I have heard French people make fun of the “happy end” of American films. I have to admit, I’m solidly American there. I love a happy ending. In life, we feel the tension between how tough and sad things can be and the hope we have for something better. Where does this idea of something better come from? Why do we hold onto it so firmly? Reading in Hebrews 11 this morning I was struck with verse 16, “But as it is, they desire a better country, that is, a heavenly one. Therefore God is not ashamed to be called their God, for he has prepared for them a city.” I wonder - how good is my vision of what God has prepared for us? That realization of something yet unrealized is what carried those heroes of faith through incredible trials. What am I hoping for?..

What are you hoping for?

In Ouagadougou, Efrem trying to balance a bowl of fruit on his head like the fruit vendor


Ouagadougou is pronounced – wa ga doo goo, a really fun name to say and the capital of Burkina Faso. The last week of October, which was the All Saints holiday in France, we went to this West African country with a team of 13. Only five of us were Campus Crusade staff members.

I have a notorious fear of the unknown which God has been slowly working on through the years. On the plane flying over an ocean of desert I was anxious. Anxious about how different the culture would be, potential illnesses, malaria carrying mosquitoes, the inevitable heat… There was so much I didn’t know.

We were told to hold on to our luggage as we left the airport, because there are usually people who will try to carry them for you hoping to get some change in return. We warned Silas and Efrem to hold on to their bags and stay close to us. 

As we approached the door a host of students all wearing white polo shirts with a “Campus pour Christ” logo start taking everyone’s luggage. We promptly told the boys to go ahead as we blindly handed everything we were carrying over to these smiling strangers. More smiles and hand shakes followed. Our luggage was heaped into a pile behind a little Toyota truck. Then, just to be safe, three students sat on top of the mountain of luggage. Our team climbed into a large white van, Efrem on my lap. A pile of white people, we made a spectacle that everyone noticed. It was dark, because in Africa the sun comes up at 6am every day and sets at 6pm every day. There is no daylight savings time or variance. They drove us to the complex where we stayed – SIM, which stands for Serving In Mission. Most of the team was crammed into bunks while the Workman family was in a two bedroom apartment. We would get used to turning on ceiling fans and tucking mosquito nets around our mattresses.

Efrem’s first journal entry: When we arrived IT WAS SO HOT!!!! And indeed it was, highs near 100 and lows, well not low enough. At night we would wash pants or t-shirts, give them a light wring, and in the morning they would be dry. I noted one morning, “I drank four glasses of water, one glass of milk, a cup of coffee and a .75 liter bottle of water.” It seems your sweat can take priority over your bladder in some heat, so we were constantly reminding the boys to drink. The dust didn’t help. Every window and door is screened and open, and the air is dusty. At dusk and dawn there is a red haze. The ceiling fans just blew the dust around. Dishes had to be dried and put into cupboards so they wouldn’t just get dirty again. My nose was constantly dry and my throat parched. But it’s not really the heat that made the biggest impression, but warmth of another kind.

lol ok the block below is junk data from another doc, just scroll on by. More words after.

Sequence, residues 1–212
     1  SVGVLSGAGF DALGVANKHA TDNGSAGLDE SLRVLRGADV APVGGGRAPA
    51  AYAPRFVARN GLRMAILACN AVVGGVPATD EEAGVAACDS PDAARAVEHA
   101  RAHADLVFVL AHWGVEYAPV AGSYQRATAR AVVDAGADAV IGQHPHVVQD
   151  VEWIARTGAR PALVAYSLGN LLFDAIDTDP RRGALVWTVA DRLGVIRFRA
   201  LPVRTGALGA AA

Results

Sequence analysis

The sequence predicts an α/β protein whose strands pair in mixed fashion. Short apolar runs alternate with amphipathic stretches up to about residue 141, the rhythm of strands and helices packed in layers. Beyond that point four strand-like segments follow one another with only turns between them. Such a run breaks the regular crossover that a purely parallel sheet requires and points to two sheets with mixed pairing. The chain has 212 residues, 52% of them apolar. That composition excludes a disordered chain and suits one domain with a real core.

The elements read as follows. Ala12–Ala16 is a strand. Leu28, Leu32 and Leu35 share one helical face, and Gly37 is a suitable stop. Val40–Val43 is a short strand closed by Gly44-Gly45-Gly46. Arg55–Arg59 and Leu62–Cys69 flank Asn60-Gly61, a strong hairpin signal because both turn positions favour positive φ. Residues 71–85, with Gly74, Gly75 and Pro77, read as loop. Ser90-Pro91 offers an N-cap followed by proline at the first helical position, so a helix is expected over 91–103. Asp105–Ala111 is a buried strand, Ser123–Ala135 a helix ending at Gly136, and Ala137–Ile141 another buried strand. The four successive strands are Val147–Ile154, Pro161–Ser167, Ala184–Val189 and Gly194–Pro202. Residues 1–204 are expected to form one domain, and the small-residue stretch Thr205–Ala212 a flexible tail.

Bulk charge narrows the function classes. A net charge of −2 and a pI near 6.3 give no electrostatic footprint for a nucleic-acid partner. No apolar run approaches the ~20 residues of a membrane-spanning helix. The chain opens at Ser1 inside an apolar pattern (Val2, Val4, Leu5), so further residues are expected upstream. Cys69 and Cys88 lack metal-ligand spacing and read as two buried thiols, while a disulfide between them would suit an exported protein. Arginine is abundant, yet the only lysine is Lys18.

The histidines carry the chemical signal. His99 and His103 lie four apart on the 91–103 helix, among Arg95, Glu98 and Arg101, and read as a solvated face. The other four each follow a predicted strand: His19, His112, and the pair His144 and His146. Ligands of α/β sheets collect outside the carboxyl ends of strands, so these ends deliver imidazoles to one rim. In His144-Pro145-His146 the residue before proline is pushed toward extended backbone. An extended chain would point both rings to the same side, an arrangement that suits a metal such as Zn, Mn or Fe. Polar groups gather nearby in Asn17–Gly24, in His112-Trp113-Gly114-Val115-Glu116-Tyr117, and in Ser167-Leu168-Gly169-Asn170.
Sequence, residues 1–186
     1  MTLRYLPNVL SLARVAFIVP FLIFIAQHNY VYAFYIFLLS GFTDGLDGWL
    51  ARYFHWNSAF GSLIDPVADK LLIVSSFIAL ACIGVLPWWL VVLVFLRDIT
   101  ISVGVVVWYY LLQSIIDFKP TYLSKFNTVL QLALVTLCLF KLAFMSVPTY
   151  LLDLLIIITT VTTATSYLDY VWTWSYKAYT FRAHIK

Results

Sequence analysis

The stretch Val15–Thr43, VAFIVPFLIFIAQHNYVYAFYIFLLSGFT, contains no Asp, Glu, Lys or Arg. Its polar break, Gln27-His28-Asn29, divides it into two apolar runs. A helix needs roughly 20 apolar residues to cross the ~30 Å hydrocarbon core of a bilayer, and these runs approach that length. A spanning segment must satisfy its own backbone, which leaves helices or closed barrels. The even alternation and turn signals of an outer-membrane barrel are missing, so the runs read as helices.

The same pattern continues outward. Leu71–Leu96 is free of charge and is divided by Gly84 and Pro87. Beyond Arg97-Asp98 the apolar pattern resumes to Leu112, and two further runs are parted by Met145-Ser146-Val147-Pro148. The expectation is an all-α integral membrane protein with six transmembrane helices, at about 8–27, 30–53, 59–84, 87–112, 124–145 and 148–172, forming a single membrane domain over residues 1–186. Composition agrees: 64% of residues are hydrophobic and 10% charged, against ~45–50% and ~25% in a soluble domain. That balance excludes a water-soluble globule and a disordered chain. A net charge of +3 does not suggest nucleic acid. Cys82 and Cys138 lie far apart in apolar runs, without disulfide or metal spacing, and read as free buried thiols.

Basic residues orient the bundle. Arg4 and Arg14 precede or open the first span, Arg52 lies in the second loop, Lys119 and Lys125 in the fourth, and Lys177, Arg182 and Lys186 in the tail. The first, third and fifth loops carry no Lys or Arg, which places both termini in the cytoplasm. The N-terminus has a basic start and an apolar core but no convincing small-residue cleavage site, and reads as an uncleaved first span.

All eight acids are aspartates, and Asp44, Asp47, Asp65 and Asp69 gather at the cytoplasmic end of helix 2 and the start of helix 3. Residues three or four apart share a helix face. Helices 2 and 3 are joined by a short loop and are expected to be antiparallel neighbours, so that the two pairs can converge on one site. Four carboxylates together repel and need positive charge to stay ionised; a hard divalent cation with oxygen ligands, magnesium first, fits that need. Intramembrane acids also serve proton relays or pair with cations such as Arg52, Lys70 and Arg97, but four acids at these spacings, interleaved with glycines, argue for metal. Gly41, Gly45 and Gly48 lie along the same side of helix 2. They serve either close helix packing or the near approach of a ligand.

Lewis and Clark and Sacajawea

Our campus team is studying Hebrews together. The men’s group and our student leaders are studying 2 Corinthians. I love digging back into the Word together with others. But right now I’m also plowing through Undaunted Courage by Steven Ambrose, about the Lewis and Clark expedition. Like most every Jr. High student in Montana, we spent months and months studying Lewis and Clark, their explorations and discoveries. I remember drawing maps that showed their different treks across Montana. I might have thought their main goal was to explore Montana rather than find a route to the Pacific.

Today I read an account of them hunting a grizzly bear. Six of them were able to approach and surprise it. The bear absorbed four bullets, got pretty upset and ran after them in a roar. Two additional shots were fired, one of which broke its shoulder. This hardly hindered his progress toward them. They then did the only sensible thing when armed with a muzzle loading rifle that’s been spent – RUN! Some of them took off in a canoe. A few others thought they’d keep firing at it from a willow grove, which only revealed their hiding place. They then abandoned their gear and jumped off a 20 ft. cliff into the river. The bear, speaking of undaunted courage, dove into the river after them. It had almost reached one of the swimmers when a soldier on the bank finally shot it in the head. Lewis wrote something similar after every encounter with a grizzly, “these bear being so hard to die rather intimidates us all.” This translated from early 19th century English means – why do we keep shooting at these things?!

It’s a book about the adventurous, exploring spirit and certainly undaunted courage. I think about the adventure before us as we hope to see the Lord work in the lives of French students. The expedition took years longer than planned. I need that kind of patience and perseverance. They had a clearly defined purpose, and so do we – living and sharing the gospel with students here in Rennes. They had a great team: two captains who were decisive leaders, brave men like John Colter, and perhaps the most valuable of all, a sixteen year old Indian squaw named Sacagawea. She kept her wits about her and saved equipment and journals that had fallen out of their boat after her husband nearly capsized it.  Sacagawea knew how to find roots and food to supplement their all meat diet, and her presence told the Indians encountered that theirs wasn’t a war party. Our campus team is also a great combination of networkers, communicators and artists who all share a heart for Jesus and the French. We’re all in this adventure together.

But there are grizzly bears. One fear we have is that we won’t be able to break through the indifference that shrouds the hearts of most French students. How many times will they need to hear the gospel before they will be overcome with Christ’s love? We continue to take initiative with undaunted courage, because God has called us here to do just that. But what effect will our prayers, words and actions have? Time will tell, and one day from heaven we will clearly see.